by Andrew A. Zucker
May / June 2001
Since 1989, the NCTM's Standards have been influential in shaping the goals for mathematics education in most states and districts in America. The Standards challenge teachers to teach topics, such as probability, that had not been widely taught before and to spend more time developing students' understanding of key concepts. The standards movement raised the bar for mathematics education and therefore increased the importance of inservice professional development for teachers.
Technology also increases the need for professional development in mathematics education. Calculators and computers are used in many more mathematics classrooms now than in the 1980s. Used well, these tools help students solve complex, realworld problems and permit teachers to focus their attention on reasoning and problem solving, not solely on calculating. However, many mathematics teachers do not yet feel well prepared to integrate technology into their teaching.
Fortunately, teacher professional development is now widely recognized as a national priority, unlike in 1985, when the Eisenhower Professional Development Program, then new, was almost eliminated by Congress. A number of states now support largescale professional development activities, some of which are excellent. As an example, a 1998 study of the National Science Foundation's Statewide Systemic Initiatives—projects based in 25 states and Puerto Rico, which as a group spent hundreds of millions of dollars on professional development—found that national standards in mathematics and science played a significant role in guiding their generally highquality professional development activities.
We know more than we did in the 1980s about providing professional development experiences that can lead teachers to change classroom practices. A threeyear study of the Eisenhower Program collected data each year from teachers in five states. The data show that professional development does change teaching practice—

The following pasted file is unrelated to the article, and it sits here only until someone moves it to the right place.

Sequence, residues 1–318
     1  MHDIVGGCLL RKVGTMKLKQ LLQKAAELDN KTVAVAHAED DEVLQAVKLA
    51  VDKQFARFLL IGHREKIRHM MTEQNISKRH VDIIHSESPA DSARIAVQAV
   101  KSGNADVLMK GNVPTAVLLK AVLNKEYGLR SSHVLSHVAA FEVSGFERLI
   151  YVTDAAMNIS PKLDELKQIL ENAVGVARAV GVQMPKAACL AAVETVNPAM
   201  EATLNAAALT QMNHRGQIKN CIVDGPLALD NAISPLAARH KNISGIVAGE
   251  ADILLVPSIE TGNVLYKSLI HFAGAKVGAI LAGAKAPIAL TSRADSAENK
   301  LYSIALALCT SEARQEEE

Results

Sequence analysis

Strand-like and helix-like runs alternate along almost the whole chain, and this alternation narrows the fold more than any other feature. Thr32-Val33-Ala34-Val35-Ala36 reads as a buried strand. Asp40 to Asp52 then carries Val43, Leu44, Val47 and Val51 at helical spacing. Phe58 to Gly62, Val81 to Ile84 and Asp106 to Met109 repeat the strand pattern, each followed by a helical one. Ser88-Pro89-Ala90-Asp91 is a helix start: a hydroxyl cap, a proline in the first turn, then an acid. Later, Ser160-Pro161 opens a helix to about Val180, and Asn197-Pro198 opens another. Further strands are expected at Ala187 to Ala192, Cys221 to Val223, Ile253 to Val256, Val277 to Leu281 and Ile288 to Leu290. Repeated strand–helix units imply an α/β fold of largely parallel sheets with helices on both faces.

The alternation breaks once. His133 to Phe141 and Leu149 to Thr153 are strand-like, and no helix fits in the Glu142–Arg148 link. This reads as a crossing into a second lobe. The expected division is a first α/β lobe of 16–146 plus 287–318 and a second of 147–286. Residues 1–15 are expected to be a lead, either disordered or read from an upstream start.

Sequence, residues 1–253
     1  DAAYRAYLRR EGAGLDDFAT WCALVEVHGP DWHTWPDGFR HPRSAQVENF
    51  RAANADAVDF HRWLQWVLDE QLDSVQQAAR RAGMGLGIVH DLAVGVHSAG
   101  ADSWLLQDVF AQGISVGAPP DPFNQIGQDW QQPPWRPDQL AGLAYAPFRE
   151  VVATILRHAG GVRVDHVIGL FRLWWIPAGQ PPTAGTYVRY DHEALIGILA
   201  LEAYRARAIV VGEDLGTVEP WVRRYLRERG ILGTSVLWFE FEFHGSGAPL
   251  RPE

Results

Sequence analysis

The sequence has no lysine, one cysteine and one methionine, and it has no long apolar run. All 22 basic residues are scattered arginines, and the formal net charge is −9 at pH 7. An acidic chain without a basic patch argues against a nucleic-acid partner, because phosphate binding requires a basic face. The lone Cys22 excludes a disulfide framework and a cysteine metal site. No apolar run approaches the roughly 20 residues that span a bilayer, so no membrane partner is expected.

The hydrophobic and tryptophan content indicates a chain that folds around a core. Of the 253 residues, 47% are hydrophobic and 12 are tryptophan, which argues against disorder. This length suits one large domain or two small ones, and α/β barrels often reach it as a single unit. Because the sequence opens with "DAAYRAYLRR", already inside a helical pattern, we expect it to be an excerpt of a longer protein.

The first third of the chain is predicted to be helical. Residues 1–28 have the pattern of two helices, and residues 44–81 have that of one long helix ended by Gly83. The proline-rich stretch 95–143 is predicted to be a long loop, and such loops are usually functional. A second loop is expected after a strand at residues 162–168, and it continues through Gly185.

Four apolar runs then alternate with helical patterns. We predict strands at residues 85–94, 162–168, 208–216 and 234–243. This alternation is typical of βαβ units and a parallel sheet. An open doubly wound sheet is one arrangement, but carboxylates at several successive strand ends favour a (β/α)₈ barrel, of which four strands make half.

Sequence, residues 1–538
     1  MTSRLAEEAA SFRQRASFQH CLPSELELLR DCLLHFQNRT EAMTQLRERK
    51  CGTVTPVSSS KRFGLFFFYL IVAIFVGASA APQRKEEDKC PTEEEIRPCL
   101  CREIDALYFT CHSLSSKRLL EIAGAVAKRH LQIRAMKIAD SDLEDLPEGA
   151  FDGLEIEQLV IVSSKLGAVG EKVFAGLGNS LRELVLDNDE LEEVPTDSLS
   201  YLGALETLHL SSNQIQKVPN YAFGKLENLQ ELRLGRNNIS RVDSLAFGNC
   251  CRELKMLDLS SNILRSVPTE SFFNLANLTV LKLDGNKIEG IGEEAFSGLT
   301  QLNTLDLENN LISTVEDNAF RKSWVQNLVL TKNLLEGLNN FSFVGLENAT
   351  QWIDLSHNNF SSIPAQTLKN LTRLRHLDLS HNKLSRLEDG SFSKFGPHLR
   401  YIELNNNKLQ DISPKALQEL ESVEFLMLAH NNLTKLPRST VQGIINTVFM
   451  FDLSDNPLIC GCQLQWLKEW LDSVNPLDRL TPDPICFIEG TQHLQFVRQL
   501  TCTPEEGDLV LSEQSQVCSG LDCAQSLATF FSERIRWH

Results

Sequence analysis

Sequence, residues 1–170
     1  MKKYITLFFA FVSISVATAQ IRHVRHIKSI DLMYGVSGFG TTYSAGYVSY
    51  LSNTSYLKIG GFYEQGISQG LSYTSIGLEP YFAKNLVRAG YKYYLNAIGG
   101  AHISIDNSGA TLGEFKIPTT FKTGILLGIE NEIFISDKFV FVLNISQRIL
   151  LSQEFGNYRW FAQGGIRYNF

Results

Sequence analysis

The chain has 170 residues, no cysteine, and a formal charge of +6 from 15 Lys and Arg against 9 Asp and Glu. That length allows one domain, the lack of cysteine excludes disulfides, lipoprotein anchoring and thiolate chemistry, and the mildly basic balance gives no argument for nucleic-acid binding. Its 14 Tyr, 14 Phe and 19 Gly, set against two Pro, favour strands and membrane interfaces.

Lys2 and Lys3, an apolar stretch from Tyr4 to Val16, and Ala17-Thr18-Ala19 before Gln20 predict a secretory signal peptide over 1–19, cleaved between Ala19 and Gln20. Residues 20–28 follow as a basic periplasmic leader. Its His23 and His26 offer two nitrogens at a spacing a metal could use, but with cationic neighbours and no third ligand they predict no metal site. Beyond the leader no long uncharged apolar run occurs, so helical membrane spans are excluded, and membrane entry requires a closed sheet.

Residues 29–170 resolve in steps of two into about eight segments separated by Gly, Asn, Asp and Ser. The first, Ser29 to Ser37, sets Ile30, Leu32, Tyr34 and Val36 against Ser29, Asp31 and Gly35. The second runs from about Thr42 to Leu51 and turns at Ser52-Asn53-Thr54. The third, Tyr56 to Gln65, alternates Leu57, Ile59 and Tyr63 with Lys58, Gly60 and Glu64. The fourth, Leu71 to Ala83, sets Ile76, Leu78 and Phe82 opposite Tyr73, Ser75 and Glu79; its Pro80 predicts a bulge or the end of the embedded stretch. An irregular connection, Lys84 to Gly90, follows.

if the activities are focused on specific higherorder teaching strategies; such as using problems that have no obvious solution;
 if certain structural features are present; for example, if the activity is organized as a study group or as a teacher network, if teachers are involved for many hours and over a long period of time, and if several teachers who work together participate collectively; and
 if the nature of the activities is welldesigned; for example, teachers have active learning opportunities, the content focus is clear, and the ideas being promoted are aligned with state and local goals and standards.
Although we are confident that the current quality of professional development makes a real difference in mathematics classrooms, we unfortunately also know that most professional development for teachers of mathematics is not of high quality. The challenge for the education system—for principals, superintendents, mathematics supervisors, political leaders, voters, and others—is to make highquality professional development a given that does not depend on chance, circumstance, or heroic efforts by teachers.
In some places, and for some teachers, mathematics professional development is firstrate and it results in better teaching and improved outcomes for students. But the need for highquality professional development keeps increasing, not only because of the Standards and because of new technologies but also because of the sizable turnover that we can expect in the teaching force, the increasing heterogeneity of America's students, and growing concern about the performance of all students. Considerable work is needed to assure that highquality professional development for mathematics teachers is the norm.
Bibliography
Corcoran, Thomas B., Patrick M. Shields, and Andrew A. Zucker. The SSIs and Professional Development for Teachers. Arlington, Va.: National Science Foundation, 1998.
Knapp, Michael S., Andrew A. Zucker, Nancy E. Adelman, and Mark St. John. The Eisenhower Mathematics and Science Education Program: An Enabling Resource for Reform. Washington, D.C.: U.S. Department of Education, 1991.
Porter, Andrew C., Michael S. Garet, Laura Desimone, Kwang Suk Yoon, and Beatrice F. Birman. Does Professional Development Change Teaching Practice? Results from a ThreeYear Study. Washington, D.C.: U.S. Department of Education, 2000.
Andy Zucker, a former mathematics teacher, is a program manager at SRI International, a nonprofit research firm. He directs evaluations of national and state education programs, and with his colleagues at SRI, he has produced awardwinning materials for middle school mathematics.